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In 1966, they signed with Bill Collins (father of Mojos bassist and future actor Lewis Collins) as manager, who moved the group to London and got them seen in clubs and other venues around the city, which helped to bring them to the attention of Ray Davies of the Kinks -- he expressed an interest in producing them, and got them signed to the same booking office, the Harold Davidson Agency, that handled the Kinks and the Small Faces. They auditioned successfully as the backing band for a singer named David Garrick, who had scored a hit with his recording of the Mick Jagger/Keith Richards song "Lady Jane" and was about to go on tour. Collins also pushed the bandmembers to start writing songs and develop their own material.
Late in 1967, Jenkins, who'd never taken to songwriting and seemed to be contributing ever less to the band, left the lineup and was replaced by Liverpool-born Tom Evans, from a Motown-inspired group called Them Calderstones. He proved to be not only a more than adequate successor as a guitarist, but a gifted composer as well. After surviving what could have been a devastating crash of its van in October of that year, the band picked up considerable career momentum going into 1968. Their gigs were well received and they were writing lots of songs, and in the course of working in their own studio, they'd also begun learning how to get their demo recordings to an extremely high level of sophistication, so that they sounded almost like finished commercial recordings -- and they now had songs good enough to open doors.
All of these elements -- the songwriting, the gigs, and the confidence -- came together when Collins arranged for an old friend, Beatles personal assistant Mal Evans, to come to a show at the Marquee Club on January 25, 1968, in the company of Peter Asher, the A&R head of the Beatles' new Apple label. Evans, in particular, was sold on the band and began bringing the group's demo recordings to Apple's offices, and by May of 1968 the Beatles were ready to sign the group, with a contract drawn up and executed in July. One of the demos that they submitted, Tom Evans' "Maybe Tomorrow," became their debut single, released in November of 1968 -- for reasons that nobody could ever explain, it never charted in England and never made the American Top 40, stalling at number 67. Its failure in the face of anticipated success prompted a rethinking of the group's and the label's strategies -- they'd recorded a debut album, named after the single and utilizing more accomplished versions of some of the better (though not necessarily the best) songs they'd brought with them to the label, but it was shelved. Or, at least, it was supposed to be shelved.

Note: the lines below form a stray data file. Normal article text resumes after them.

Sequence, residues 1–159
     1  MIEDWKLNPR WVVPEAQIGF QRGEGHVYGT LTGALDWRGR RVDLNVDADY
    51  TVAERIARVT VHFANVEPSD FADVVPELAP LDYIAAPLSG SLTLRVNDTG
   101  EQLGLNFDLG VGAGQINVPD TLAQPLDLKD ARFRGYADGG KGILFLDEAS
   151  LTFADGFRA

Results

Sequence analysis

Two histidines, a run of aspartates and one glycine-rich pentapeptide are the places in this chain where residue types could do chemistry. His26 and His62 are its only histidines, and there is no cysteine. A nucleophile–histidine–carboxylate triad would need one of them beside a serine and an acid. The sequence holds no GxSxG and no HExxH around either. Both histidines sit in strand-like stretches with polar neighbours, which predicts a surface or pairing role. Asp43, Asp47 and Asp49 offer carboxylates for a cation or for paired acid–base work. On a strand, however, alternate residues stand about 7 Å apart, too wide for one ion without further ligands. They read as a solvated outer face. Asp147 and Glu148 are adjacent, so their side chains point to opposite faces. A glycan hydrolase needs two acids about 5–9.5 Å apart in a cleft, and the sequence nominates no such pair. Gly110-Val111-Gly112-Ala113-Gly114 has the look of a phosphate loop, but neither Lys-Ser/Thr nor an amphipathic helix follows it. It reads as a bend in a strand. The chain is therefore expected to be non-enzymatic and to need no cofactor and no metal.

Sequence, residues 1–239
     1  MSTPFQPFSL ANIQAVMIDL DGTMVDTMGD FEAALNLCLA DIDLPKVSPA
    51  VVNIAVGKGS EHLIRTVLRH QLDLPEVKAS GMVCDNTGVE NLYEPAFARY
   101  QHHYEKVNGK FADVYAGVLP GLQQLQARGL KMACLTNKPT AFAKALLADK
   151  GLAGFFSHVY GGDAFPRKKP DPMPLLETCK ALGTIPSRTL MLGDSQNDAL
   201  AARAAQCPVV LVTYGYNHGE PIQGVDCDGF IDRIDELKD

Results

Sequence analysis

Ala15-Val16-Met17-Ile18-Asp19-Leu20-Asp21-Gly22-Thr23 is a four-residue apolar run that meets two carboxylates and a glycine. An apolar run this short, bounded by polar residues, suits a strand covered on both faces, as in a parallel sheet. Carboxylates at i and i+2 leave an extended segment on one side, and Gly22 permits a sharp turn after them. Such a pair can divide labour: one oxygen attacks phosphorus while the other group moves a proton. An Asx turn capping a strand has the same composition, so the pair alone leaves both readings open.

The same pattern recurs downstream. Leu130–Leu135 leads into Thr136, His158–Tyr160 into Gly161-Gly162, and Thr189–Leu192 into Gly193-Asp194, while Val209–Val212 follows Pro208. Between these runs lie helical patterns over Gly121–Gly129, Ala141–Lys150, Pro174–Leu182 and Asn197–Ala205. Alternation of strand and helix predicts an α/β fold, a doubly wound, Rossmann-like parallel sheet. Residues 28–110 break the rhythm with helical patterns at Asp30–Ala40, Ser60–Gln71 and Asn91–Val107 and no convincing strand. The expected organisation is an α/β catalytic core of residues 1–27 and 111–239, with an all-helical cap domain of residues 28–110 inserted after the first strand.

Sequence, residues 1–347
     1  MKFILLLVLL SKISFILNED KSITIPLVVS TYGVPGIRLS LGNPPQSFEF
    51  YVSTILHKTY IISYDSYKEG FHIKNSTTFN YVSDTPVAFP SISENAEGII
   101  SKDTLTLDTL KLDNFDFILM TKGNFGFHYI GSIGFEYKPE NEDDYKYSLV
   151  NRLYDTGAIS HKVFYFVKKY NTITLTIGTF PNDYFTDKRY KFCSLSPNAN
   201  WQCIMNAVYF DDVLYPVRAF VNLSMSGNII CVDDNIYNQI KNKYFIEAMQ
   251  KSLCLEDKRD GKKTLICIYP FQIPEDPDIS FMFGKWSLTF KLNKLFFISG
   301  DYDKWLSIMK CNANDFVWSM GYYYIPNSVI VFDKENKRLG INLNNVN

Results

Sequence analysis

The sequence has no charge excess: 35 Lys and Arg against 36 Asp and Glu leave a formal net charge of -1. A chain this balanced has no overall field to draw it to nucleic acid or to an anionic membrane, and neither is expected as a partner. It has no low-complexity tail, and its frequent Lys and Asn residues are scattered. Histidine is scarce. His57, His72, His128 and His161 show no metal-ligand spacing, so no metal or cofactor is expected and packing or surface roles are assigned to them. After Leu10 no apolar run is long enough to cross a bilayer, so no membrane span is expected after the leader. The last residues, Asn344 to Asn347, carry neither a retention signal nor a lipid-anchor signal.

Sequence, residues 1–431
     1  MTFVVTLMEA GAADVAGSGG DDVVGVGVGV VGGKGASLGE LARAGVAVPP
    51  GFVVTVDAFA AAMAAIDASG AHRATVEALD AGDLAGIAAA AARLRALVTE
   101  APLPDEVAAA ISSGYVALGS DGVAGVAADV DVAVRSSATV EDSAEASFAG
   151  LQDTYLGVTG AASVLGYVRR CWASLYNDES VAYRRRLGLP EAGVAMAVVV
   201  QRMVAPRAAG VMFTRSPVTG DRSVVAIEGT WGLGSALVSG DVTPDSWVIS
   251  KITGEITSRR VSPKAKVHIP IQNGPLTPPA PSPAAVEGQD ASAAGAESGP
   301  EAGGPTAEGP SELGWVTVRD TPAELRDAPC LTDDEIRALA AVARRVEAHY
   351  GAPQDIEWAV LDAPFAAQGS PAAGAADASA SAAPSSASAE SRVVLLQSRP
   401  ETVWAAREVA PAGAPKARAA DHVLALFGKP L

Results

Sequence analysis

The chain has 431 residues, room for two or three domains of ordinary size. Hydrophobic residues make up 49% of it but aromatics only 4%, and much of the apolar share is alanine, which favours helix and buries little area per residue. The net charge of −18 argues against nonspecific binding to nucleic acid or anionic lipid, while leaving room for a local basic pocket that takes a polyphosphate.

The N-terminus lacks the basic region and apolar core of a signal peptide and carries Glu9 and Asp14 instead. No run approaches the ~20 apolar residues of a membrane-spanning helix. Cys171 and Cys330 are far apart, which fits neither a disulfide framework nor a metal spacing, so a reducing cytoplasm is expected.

Heard today, Maybe Tomorrow comes off as a pleasing if somewhat uneven amalgam of sounds, partly owing to the presence of two producers, Tony Visconti and Mal Evans, and also to the era in which it was recorded. "See-Saw, Grandpa" was a '50s-style rocker that also recalled the Beatles' "Eight Days a Week" in its guitar-flourish opening, while the lush, harmony-laden "Beautiful and Blue" might have passed for a Bee Gees effort during the latter group's five-man lineup period (Pete Ham even plays a bit like Vince Melouney here). The McCartney-esque ballad "Dear Angie," written and sung by Griffiths, is followed by the harder, beat-driven "Think About the Good Times," which could've been a low-key Kinks number circa The Kink Kontroversy. The pounding, R&B-inspired "Sali Bloo," the catchy pop/rock "I'm in Love" (which might have done well in the hands of the Bay City Rollers a few years hence), and the nostalgia-laden, '20s-style "They're Knocking Down Our Home" fill out all but the last slot on the original side two -- the latter song would have been unthinkable for a rock & roll band to do, except in an era in which Paul McCartney had scored with "When I'm Sixty-Four" and "You Mother Should Know," and in which the most recent albums by the Beatles and the Monkees included "Honey Pie" and "Magnolia Simms," respectively. And the soaring "I've Been Waiting" finished the record with the Iveys throwing away song structure and elaborate production, stretching out and jamming in the studio.